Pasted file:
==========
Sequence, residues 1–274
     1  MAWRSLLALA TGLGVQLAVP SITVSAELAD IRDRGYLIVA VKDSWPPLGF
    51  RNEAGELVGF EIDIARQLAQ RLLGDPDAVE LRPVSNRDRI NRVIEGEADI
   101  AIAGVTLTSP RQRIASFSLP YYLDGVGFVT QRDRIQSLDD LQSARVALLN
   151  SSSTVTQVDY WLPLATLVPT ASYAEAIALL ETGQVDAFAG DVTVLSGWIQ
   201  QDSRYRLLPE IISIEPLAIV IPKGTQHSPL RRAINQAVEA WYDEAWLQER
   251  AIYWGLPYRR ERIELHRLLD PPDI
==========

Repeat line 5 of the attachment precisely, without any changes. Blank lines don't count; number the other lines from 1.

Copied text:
   151  SSSTVTQVDY WLPLATLVPT ASYAEAIALL ETGQVDAFAG DVTVLSGWIQ